This account begins: 'A True and Correct Account of that MOST WONDERFUL CHILD, Only 11 months old, which weighs between 9 and 10 stone, with a description of his length, thickness, and appearance, what diet he takes, &c. he was born at Cambasnethan, 15 miles from Glasgow.' With the child being born in April 1820, and his age being 11 months, this broadside was most likely published in 1821. It was priced at one penny.
In the first paragraph of this account, the child is described as 'one of the greatest curiosities that ever appeared in the human world'. Details of his appearance are provided, along with the reactions of those who have seen him. The final paragraph eulogises on the wonderous work of God and the sanctity of all life, no matter what shape or form it takes. Despite the sentiments of the final paragraph, people would have been drawn to this story precisely because of the boy's alleged size. Inscribed opposite this broadside is a note transcribed from the Edinburgh Evening Courant, stating that the boy in question, James Weir, had died aged 17 months.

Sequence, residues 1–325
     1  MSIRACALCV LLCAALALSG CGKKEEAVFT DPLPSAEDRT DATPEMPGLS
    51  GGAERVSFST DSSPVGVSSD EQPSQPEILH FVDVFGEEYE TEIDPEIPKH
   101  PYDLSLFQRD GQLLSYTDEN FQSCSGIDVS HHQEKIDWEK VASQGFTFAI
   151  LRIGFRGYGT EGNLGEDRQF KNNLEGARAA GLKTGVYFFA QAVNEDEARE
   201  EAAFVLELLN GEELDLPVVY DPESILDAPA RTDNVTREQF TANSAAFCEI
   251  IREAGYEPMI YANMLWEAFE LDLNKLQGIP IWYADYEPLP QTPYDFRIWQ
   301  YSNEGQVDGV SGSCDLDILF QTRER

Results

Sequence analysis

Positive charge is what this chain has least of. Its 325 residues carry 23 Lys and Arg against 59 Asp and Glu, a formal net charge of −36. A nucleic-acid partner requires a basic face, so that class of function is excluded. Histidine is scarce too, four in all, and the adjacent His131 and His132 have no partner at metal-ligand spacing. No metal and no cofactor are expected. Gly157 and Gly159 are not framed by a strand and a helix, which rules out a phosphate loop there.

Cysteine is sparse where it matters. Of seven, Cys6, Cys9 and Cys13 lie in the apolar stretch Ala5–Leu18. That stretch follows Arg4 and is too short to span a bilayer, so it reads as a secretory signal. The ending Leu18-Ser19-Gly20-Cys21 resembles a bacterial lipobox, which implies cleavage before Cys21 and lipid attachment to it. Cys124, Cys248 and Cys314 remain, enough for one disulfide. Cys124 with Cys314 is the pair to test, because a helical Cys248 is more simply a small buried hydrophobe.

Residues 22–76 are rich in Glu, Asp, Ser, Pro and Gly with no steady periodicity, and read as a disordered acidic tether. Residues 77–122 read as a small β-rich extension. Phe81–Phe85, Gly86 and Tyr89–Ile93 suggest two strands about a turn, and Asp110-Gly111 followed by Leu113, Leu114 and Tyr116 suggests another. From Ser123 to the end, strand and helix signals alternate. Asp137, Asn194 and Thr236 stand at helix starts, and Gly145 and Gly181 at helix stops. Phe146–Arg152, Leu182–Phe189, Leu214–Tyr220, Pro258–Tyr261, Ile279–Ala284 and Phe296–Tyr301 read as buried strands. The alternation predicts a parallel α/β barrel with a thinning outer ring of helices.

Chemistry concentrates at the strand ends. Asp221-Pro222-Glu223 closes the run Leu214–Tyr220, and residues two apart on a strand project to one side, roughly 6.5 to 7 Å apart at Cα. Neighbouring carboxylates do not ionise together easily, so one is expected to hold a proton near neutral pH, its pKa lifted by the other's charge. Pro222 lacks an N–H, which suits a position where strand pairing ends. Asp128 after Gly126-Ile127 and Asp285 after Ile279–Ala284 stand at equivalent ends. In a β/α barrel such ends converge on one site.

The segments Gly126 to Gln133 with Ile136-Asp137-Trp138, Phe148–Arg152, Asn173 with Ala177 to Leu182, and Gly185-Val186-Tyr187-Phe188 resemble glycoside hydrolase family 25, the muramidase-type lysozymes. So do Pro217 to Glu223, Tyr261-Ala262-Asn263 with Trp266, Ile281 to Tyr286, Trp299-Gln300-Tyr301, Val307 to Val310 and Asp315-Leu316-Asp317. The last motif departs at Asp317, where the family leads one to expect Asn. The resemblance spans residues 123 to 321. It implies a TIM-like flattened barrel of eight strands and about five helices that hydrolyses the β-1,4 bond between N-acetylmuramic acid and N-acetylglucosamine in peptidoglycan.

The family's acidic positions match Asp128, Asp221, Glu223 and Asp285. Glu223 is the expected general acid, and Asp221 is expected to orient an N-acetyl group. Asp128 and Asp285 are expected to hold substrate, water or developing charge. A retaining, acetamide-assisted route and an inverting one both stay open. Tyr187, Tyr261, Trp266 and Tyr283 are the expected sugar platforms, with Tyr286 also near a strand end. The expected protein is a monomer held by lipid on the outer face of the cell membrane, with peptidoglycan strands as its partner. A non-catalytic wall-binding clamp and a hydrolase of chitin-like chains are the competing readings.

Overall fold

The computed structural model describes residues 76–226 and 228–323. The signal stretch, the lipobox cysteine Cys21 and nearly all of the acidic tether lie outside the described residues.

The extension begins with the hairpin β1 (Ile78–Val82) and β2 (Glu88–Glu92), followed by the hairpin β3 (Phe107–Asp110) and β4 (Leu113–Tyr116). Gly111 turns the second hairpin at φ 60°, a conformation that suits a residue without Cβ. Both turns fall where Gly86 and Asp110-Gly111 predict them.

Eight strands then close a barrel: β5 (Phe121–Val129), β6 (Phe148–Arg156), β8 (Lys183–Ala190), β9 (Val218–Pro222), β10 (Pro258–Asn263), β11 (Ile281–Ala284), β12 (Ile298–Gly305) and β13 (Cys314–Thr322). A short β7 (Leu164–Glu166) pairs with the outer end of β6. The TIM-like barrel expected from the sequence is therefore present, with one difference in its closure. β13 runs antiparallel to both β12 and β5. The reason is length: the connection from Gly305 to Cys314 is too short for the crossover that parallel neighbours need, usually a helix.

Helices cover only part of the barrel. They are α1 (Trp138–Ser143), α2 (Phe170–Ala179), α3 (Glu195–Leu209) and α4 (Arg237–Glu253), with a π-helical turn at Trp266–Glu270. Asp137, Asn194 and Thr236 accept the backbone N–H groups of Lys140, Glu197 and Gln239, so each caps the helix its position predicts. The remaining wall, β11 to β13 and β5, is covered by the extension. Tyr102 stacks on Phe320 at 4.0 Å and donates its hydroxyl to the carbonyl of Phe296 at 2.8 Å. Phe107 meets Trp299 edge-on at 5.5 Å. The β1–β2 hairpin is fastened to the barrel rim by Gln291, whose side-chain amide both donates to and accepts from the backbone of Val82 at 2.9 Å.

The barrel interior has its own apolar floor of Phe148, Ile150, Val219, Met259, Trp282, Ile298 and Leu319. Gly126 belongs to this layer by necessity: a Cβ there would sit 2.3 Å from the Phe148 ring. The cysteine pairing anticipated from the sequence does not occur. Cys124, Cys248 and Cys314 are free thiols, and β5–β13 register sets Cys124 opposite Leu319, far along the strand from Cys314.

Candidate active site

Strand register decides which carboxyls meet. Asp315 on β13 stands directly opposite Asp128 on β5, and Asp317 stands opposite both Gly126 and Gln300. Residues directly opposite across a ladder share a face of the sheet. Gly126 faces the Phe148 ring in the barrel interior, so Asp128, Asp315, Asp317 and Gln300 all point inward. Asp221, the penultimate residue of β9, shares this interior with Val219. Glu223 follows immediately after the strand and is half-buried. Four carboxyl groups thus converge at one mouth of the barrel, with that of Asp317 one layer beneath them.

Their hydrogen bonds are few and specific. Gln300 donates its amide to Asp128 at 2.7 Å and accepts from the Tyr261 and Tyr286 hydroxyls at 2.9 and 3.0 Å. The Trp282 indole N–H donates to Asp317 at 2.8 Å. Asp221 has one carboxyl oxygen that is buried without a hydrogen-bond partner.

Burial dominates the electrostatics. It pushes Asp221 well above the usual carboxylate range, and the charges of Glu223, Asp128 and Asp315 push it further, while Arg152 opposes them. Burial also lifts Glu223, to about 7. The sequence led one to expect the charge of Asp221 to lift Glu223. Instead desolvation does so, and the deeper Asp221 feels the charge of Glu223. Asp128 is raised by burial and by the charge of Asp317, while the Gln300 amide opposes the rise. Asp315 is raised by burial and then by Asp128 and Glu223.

Broadsides are single sheets of paper, printed on one side, to be read unfolded. They carried public information such as proclamations as well as ballads and news of the day. Cheaply available, they were sold on the streets by pedlars and chapmen. Broadsides offer a valuable insight into many aspects of the society they were published in, and the National Library of Scotland holds over 250,000 of them.
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Probable date published:
1821 shelfmark: L.C.1268
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